V.com weekend vote: Do you have fun when you perform?
May 11, 2012 at 5:16 PM
Do you have fun when you perform?
What a great question V.com member Momoko Takahashi raised in her blog this week.
Her answer: "I don't."
I'll confess I've felt a great range of emotions when performing. I've had great, wonderful fun -- times when I've thought, "Playing the violin is the only thing in my life that is 100 percent easy and right and good!" I've also had some of the worst, near-nervous-breakdown moments I can remember. Both kinds of experiences tended to relate to my overall mental state, and not actually to the pressure of the situation. I've had a few auditions that went without a hitch; others where I got tunnel vision, nearly passed out and then wanted to chuck the fiddle out the window. I've had entire solo recitals that felt wonderful, and little tiny solos where I got so nervous, you'd think a bengal tiger was crouching over my chair, teeth bared, ready to devour me.
Ah, the drama of being a violinist! Do you ever have fun when you play? Or is it mostly a form of torture? I've provided a range of answers for you to choose:
P.S. I hope you do have fun now and then!
It's interesting, the title change from "Do you have fun when you perform?" to "Do you have fun when you play?" I think those are two very different questions, which would have correspondingly different answers. For me, the answers would be "sometimes" and "yes," respectively. Playing, just playing by my own choice and for my own reasons, is virtually always fun. Performing is something else entirely.
Considering that I don't really perform, I just play for myself and the occasional friend. Whenever I pick up my fiddle its always for fun. When I'm not practicing, I'll have tune in my head that I think will sound great on the violin and I'll play with that for awhile. That's the best part of playing
From steven su
Posted on May 11, 2012 at 8:32 PM
i thought this is a great question. I have friends that love playing the violin but absolutely cannot perform in front of an audience. I don't usually get nervous unless it's a very challenging piece because I love the stage. but then if you aren't having fun, why are you doing it right? I always tell my friends to enjoy the moment. Don't tell screw ups ruin the fun!
From Joyce Lin
Posted on May 11, 2012 at 9:06 PM
I perform in my teacher's studio recitals and performance group lessons as a challenge to myself, and I do feel that I learn a piece more in-depth when I have to perform it. So, no, it's not fun for me, but just like many things in life: I do them because they do me good, not necessarily because they are fun.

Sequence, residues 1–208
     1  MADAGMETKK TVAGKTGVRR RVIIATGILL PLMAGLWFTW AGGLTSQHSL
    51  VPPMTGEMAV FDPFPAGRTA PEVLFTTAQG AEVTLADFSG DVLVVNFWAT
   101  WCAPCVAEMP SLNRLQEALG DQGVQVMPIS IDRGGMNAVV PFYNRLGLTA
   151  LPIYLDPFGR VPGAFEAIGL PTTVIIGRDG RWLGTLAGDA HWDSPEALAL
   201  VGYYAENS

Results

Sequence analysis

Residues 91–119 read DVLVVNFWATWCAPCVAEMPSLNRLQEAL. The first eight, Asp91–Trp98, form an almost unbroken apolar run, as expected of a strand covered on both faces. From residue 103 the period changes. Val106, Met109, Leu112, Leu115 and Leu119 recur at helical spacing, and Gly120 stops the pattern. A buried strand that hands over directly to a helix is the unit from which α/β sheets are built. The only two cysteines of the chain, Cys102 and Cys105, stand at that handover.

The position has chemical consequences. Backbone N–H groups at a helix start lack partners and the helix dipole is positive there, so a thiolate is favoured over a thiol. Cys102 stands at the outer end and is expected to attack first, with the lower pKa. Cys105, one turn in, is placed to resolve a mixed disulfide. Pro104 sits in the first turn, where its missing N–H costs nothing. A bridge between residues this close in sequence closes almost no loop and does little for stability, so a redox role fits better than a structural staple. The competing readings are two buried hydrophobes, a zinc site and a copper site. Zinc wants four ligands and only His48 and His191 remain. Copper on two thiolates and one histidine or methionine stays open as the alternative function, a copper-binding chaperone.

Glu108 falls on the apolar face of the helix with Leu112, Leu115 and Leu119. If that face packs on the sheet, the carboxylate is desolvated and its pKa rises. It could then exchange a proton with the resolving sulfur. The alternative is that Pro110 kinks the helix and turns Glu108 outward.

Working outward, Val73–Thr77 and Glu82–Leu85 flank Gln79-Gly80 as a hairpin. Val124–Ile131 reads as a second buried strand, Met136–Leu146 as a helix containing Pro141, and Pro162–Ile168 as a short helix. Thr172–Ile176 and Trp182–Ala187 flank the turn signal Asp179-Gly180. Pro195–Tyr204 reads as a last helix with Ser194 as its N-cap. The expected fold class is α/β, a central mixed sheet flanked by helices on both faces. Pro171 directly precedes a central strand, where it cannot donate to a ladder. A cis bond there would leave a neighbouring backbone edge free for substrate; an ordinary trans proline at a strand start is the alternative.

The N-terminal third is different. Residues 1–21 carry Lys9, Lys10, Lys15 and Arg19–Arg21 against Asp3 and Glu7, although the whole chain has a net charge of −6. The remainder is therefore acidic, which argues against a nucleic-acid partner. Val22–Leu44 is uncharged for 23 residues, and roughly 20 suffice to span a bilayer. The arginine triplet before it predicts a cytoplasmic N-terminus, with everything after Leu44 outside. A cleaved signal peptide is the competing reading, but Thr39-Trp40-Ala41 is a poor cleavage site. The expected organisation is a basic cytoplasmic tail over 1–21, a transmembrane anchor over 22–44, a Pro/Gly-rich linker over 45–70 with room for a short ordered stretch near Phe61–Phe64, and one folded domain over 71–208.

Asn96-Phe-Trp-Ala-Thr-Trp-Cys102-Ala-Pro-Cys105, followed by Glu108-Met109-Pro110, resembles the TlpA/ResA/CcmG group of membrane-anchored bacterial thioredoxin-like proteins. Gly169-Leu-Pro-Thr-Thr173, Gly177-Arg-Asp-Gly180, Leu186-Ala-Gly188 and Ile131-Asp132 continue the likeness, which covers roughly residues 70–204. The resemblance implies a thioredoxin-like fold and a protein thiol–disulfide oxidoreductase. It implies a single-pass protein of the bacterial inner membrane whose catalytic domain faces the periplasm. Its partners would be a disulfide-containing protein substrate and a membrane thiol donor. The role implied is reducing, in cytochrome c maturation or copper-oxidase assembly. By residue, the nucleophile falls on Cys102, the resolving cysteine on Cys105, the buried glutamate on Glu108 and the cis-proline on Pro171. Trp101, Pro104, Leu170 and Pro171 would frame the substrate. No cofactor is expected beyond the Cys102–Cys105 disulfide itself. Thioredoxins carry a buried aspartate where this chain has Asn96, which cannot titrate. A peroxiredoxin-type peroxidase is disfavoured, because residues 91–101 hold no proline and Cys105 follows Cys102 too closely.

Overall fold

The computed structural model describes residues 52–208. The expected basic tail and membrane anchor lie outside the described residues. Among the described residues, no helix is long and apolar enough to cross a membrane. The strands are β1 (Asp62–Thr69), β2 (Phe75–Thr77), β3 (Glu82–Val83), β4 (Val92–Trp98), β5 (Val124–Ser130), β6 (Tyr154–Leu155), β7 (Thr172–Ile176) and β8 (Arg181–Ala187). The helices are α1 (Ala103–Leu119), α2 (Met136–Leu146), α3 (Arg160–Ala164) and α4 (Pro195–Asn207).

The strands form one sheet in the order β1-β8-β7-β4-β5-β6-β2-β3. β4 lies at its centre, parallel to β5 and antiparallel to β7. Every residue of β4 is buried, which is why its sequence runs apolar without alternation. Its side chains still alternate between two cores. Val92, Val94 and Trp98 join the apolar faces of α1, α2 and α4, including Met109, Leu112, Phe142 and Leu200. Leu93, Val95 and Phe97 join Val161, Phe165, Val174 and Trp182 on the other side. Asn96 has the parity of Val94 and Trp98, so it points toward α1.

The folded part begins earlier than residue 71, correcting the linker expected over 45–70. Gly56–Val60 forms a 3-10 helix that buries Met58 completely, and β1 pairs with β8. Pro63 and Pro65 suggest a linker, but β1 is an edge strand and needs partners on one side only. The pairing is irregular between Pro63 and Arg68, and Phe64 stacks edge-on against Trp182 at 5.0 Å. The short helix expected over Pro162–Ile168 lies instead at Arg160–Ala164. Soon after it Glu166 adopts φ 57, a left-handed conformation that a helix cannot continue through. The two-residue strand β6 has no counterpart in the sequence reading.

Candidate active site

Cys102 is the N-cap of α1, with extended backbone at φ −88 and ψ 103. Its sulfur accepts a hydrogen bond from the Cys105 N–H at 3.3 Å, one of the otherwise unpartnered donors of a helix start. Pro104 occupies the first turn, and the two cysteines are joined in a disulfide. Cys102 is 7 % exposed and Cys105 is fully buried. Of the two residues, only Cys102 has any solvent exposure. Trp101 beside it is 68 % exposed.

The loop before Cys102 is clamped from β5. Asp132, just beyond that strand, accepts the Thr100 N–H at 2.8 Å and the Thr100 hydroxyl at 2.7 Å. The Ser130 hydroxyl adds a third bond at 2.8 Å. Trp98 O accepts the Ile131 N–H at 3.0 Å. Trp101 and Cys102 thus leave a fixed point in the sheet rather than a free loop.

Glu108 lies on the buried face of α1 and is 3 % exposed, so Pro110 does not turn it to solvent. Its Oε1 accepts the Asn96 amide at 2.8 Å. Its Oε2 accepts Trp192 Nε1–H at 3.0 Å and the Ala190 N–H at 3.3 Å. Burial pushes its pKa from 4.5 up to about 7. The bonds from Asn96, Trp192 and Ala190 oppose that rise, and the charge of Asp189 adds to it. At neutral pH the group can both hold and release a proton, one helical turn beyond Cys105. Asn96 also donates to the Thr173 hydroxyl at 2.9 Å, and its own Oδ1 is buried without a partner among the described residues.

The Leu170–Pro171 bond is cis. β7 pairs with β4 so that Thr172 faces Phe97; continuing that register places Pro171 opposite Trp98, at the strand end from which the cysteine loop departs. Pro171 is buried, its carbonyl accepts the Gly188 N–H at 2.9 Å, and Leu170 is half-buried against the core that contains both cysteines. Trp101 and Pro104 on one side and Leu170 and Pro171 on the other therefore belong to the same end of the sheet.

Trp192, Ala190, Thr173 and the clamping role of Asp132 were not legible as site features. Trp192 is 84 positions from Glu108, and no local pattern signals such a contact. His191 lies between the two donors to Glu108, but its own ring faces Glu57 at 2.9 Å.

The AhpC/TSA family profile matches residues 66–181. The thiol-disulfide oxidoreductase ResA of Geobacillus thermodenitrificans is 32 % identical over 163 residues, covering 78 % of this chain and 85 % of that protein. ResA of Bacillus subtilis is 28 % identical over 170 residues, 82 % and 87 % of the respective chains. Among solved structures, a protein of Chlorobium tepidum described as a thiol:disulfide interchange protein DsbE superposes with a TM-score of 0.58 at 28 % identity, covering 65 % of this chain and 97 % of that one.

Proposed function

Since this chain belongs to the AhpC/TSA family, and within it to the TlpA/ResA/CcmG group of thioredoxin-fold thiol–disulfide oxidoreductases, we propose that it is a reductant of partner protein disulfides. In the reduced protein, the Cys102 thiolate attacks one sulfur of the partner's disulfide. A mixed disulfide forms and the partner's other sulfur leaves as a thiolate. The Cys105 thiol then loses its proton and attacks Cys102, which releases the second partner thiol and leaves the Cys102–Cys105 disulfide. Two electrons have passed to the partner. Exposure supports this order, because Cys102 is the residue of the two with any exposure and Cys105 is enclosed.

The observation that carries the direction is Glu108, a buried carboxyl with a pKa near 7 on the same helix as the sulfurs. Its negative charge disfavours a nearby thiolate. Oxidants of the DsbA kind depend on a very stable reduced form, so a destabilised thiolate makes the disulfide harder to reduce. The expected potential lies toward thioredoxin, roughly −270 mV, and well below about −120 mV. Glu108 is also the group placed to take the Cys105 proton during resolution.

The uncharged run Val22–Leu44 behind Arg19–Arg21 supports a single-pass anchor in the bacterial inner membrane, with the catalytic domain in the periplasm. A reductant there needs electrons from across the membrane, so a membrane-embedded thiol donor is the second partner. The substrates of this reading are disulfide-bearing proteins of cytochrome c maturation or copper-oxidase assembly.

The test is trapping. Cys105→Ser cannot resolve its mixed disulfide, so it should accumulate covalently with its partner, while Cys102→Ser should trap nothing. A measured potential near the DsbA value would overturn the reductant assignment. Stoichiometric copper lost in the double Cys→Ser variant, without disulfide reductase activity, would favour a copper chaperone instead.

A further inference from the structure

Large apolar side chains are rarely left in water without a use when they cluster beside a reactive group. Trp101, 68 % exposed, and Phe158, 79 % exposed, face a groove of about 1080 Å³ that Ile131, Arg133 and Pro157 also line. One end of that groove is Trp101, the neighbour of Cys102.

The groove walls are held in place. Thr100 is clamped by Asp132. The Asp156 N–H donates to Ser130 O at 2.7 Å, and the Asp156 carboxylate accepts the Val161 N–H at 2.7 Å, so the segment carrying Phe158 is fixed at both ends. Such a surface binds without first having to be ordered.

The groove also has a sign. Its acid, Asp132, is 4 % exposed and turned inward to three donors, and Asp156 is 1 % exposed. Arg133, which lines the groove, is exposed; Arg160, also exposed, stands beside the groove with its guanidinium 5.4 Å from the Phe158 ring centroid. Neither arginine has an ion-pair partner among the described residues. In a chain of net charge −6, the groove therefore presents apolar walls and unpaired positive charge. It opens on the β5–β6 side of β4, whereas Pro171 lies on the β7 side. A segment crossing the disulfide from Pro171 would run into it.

I LOVE performing! It is one of my favorites things to do on earth! Of course, like everyone else I get nervous, but it is worth that awesome feeling when you have an entire audience in tune with the music you're making.
I love performing, when there are at least 3-4 of us. If it is only me and someone else or just me, it is either sheer terror, fun, or something in between.
Yes. Even in that highess situation on 5/6 that I just blogged about, I enjoyed it even while experiencing stress over it. Performing for me is a high-wire act and frankly, it helps to be a bit of an exhibitionist as well as a serious artist.
What is "fun"?
I misvoted! Stupidly anticipated the question - so please take one off the 'like' and add to the 'sometimes'.
I started a discussion topic on the conundrum of a strong desire to perform combined with terrible performance anxiety (terror) at the time of actually doing it. There were some good ideas but I'm still trying to figure that one out
Anne, "Fun" is very subjective. For example, some would find a roller coaster to be sheer joy and unalloyed fun; others would find a roller coaster to be the source of great anxiety and a brutal headache. Plenty feel somewhere in between, feeing anxious to get on the ride but then enjoying it, with only a small headache after. Likewise with performing.
Anxiety level high. Brain not in the zone. Fear of failure. All not fun.
Sublime satisfaction when you know you can play a piece: When hours of practice add up to all that you hoped you could do with a piece of music that you had always admired in the first place. I would have to elevate "fun" to another plane.
Fun would be playing as well as a few others and knowing that you are contributing to a nice sound and not a drag on the other artists-Friends getting together to play their instruments informally for me would be fun.
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